On arriving at Mendoza airport I was given a little punnet of grapes. ‘wow, grapes’ I thought, because after three months in Argentina I get tremendously excited about fruit. Then next thing I knew a man shoved a microphone at me and proceeded to interview me in Spanish about Mendoza and grapes, whilst another man filmed me. I was like a rabbit in the headlights and all I kept thinking was ‘please don’t ask me a question I don’t understand’.
Well apparently it is grape harvest festival in Mendoza. The weekend had a few special events planned, including a carnival with carnival princesses throwing grapes to passers-by from floats being driven through the city. This is the grape harvest carousel.
Mendoza is a nice, liveable city. Everyone says that and after finally getting there I admit that I think they’re probably right. Prices are more reasonable (after Patagonia everything seems reasonable though), the climate is dry and warm (though not so dry the weekend I was there as it turned out) and the people are friendly and welcoming.
I stayed in a shared airbnb apartment. It was ok. It had the obligatory black plastic couch. Some of the other people there were a little annoying, although it could just be that I’m getting a little hosteled-out and need to retreat to my own bit of space again for a while.
In particular there was a couple who kept their keys in the door, so that my key wouldn’t work and I had to ring the bell to get in and then wait for them to hear it. ‘I can’t work the key either’ the woman told me (as if it were somehow my fault), ‘I have to get my husband to do it’. Well I suppose it must be wonderful to have a husband to do all the little jobs you find too difficult yourself, such as turning a key.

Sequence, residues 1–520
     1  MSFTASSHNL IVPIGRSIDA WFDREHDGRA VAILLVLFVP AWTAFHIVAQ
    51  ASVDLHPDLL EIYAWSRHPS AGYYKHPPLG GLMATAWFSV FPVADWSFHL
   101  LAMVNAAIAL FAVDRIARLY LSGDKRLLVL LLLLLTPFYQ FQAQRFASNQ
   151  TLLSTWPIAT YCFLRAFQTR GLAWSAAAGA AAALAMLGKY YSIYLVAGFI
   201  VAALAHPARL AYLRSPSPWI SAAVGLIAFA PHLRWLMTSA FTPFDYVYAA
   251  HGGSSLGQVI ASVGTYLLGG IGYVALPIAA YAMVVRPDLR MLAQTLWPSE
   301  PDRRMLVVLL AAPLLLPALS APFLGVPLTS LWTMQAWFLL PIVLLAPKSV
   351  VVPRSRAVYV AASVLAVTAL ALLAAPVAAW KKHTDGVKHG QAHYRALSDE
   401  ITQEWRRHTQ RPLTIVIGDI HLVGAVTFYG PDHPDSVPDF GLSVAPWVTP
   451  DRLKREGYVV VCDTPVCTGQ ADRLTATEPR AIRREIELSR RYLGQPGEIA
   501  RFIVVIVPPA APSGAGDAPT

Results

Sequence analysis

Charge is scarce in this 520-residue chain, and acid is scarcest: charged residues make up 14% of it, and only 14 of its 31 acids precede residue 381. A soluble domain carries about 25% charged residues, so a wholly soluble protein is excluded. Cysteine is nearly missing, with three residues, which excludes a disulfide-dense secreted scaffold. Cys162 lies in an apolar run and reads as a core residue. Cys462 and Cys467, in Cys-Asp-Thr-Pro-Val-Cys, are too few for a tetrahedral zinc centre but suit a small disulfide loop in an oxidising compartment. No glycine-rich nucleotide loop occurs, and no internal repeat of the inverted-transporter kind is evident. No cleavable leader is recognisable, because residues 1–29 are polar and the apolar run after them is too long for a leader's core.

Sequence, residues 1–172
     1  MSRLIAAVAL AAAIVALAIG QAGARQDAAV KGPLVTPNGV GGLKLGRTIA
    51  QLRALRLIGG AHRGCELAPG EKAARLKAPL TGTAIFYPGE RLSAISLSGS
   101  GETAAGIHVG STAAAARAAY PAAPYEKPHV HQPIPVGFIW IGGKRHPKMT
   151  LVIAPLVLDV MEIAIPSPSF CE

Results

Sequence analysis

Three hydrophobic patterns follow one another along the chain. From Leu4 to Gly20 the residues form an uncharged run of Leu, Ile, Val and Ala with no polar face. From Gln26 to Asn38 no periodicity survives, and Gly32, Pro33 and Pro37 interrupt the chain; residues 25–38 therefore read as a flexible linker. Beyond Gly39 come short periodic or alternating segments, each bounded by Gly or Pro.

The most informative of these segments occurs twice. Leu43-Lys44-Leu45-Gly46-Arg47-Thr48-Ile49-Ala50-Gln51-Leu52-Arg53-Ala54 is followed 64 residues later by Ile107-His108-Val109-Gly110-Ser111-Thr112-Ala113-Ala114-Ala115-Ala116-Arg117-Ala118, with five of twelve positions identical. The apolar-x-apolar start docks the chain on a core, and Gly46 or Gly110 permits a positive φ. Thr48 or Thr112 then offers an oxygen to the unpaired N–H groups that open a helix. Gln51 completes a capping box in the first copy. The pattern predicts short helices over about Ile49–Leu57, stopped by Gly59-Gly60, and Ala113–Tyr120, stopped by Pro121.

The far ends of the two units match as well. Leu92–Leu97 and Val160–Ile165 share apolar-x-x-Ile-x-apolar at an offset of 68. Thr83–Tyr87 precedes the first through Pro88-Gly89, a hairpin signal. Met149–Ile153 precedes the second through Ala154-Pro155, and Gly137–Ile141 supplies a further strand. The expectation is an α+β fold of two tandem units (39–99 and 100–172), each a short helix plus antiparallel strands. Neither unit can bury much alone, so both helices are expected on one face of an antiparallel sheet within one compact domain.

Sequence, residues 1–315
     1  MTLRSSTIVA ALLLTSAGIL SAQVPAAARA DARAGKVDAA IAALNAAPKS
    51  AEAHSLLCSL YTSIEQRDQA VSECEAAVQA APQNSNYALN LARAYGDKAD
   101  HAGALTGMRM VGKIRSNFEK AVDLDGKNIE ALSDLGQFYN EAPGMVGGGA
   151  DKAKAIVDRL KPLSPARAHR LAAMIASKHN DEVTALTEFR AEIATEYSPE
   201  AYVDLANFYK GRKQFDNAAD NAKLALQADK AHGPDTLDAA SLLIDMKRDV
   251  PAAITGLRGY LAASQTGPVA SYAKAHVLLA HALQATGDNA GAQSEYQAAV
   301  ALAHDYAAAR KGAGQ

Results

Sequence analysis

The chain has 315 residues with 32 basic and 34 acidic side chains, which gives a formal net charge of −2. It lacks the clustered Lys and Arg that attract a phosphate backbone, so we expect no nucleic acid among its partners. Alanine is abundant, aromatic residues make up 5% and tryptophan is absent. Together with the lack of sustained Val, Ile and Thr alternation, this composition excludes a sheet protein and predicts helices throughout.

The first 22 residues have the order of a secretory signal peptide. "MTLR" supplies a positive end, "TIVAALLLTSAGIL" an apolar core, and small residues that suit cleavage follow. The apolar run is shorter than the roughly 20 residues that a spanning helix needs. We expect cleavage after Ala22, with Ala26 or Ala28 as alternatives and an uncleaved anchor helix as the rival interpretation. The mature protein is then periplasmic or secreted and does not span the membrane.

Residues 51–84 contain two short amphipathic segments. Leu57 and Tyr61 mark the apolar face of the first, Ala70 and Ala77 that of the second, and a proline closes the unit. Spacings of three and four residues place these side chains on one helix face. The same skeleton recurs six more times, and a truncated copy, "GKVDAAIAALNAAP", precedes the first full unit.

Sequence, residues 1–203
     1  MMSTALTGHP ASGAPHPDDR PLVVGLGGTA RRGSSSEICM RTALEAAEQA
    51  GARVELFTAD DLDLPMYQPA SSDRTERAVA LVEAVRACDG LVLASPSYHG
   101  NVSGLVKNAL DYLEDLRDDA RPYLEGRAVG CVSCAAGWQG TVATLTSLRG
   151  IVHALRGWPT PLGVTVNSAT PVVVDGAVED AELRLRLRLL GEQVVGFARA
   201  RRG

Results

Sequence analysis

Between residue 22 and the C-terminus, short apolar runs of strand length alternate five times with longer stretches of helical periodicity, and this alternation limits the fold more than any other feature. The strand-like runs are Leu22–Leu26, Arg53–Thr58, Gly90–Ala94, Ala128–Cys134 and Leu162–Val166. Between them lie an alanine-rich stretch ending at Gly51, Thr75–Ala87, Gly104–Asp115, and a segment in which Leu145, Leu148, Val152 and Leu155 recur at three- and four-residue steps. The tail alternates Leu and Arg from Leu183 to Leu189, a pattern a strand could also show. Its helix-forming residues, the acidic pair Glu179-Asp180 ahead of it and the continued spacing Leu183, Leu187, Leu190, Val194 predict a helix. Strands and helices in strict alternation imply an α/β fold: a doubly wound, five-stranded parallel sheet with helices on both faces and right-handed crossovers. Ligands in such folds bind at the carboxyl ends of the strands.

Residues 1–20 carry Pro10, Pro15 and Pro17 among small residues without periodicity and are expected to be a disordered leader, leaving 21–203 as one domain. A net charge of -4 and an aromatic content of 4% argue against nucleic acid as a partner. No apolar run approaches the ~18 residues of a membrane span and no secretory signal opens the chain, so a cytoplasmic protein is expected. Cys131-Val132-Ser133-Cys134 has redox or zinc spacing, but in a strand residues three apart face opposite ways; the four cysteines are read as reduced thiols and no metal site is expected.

Yes, even I can hear it now; next place I am renting my own little bit of space.
Mendoza is most famous for its wine production, and you can visit the bodegas (vineyards), which lie around 10-15k out of the city.
The majority of vineyards aren’t open at weekends, meaning that I only had Monday as a suitable day to go. You can get the bus there yourself, but you need to book your tour, sometimes weeks in advance, so in the end I went with a tourist bus, which seemed to be the only thing available at short notice.
I wouldn’t particularly recommend these tours. It was a bit like a conveyor belt with back-to-back buses of tourists. The tour guides seemed somewhat bored and disinterested and the main purpose was to sell wine.
We did get to try a good few wines, but I’m not a big fan of wine anyway and I only really buy it if someone’s coming round. Plus, I was catching the bus to Chile the next day anyway and didn’t need anything else to carry. The tour guide became even more disinterested when she found nobody wanted to buy, although a few of the Argentinian tourists bought a case or two.
The wine was selling at 100 pesos (£4.50/$6.50) a bottle for the standard Shiraz or Chardonnay.
We visited two vineyards and an olive oil factory in one afternoon. By far the most interesting was the olive oil factory.
They brought out some little squares of bread with various spreads for us to try and people pushed and shoved in order to get to the front and vacuum up as much food as possible.
If I went again I would make sure to book a bodega tour in advance, and go there independently. Or even skip the bodega thing altogether and enjoy the city instead.